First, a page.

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  • Robert Zaichick
  • 24-06-18

very disappointed 😞

I, struggled to get through this boring plodding story. There is so little discussion of sex and porn addiction. It failed to grab my attention on many levels. Poorly written . Title does.not do it justice .

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  • Bernadette Banda
  • 01-05-18

Finished it in two days

I found I could have been the one in this book. I no longer feel weird; thank you for bringing to light this unspeakable addiction

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  • Margaret
  • 23-04-18

Garza avoids a few important issues

If you've ever wondered how sex or porn could be an addiction, Eric Garza spells it out for you in this memoir - from her exposure to porn in her teenaged years that probably set her erotic expectations, to some callous first sexual experiences (sometimes he's the heel, sometimes it is Garza), to hookups and stoned/drunk sex that doesn't mean anything. She does a great job walking the reader through how an addiction like this can happen, and an ok job showing us one path to recovery.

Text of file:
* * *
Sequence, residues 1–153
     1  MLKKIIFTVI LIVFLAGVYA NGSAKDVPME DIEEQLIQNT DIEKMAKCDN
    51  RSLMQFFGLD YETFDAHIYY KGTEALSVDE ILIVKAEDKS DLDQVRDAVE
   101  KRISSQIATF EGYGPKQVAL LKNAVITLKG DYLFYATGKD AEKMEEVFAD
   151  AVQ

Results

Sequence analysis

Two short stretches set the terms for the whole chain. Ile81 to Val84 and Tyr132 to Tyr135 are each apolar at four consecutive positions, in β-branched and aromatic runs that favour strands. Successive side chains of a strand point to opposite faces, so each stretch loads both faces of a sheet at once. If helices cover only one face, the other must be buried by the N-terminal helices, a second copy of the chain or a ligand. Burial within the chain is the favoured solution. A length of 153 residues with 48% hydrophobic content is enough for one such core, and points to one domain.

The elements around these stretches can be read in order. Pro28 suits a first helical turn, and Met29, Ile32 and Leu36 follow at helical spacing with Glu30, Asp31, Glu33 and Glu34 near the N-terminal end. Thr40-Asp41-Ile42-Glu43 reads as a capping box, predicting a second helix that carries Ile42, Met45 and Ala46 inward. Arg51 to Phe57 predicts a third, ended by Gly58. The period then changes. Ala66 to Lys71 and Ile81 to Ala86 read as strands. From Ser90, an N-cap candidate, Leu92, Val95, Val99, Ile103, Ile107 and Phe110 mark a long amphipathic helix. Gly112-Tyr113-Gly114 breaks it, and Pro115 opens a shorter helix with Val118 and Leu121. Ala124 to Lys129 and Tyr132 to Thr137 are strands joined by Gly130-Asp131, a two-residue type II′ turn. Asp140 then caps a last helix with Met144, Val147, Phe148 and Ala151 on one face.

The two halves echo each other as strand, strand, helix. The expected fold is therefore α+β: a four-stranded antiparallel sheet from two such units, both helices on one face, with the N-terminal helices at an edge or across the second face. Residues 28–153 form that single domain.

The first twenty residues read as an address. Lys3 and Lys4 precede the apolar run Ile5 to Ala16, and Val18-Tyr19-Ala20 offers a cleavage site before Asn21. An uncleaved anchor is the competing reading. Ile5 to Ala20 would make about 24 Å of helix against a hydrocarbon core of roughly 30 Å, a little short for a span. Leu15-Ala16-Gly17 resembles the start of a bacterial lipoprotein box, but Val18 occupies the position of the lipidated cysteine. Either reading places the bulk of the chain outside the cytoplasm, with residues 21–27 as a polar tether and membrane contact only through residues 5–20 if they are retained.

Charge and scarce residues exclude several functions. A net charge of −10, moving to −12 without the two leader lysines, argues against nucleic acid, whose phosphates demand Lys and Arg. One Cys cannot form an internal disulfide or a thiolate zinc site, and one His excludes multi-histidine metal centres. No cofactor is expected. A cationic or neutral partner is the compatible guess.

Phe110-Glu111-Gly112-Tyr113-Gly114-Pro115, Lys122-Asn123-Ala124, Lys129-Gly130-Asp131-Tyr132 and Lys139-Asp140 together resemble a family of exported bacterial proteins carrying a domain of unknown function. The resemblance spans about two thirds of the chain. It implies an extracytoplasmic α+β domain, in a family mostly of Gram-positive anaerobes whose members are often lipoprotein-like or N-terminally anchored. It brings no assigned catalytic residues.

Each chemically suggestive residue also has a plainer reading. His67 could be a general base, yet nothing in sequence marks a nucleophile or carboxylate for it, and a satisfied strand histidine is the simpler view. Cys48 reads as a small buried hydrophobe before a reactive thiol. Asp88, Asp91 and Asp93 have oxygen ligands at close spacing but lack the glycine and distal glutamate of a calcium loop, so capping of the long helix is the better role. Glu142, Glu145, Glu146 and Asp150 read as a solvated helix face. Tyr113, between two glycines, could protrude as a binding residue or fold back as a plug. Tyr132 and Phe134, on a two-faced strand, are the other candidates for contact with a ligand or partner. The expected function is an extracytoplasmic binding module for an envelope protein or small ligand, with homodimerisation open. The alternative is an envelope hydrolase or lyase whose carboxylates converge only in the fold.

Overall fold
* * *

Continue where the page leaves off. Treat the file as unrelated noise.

Where I got truly uncomfortable was Garza's oblivion to her impact on other people and her remarkable privilege. Though she's drawn to the darker side of pornography (not just the Stormy Daniels, high production value type, but the really hard core stuff), she focuses on her own need and choice to feel humiliated without acknowledging that the women she viewed in those rough films were probably victims of sex trafficking or worse. She passes months doing yoga and finding herself in Bali and Thailand, describes the sex and "girl bar" cultures vividly, without ever acknowledging that without rich visitors spending their money there, those working girls might have had other options.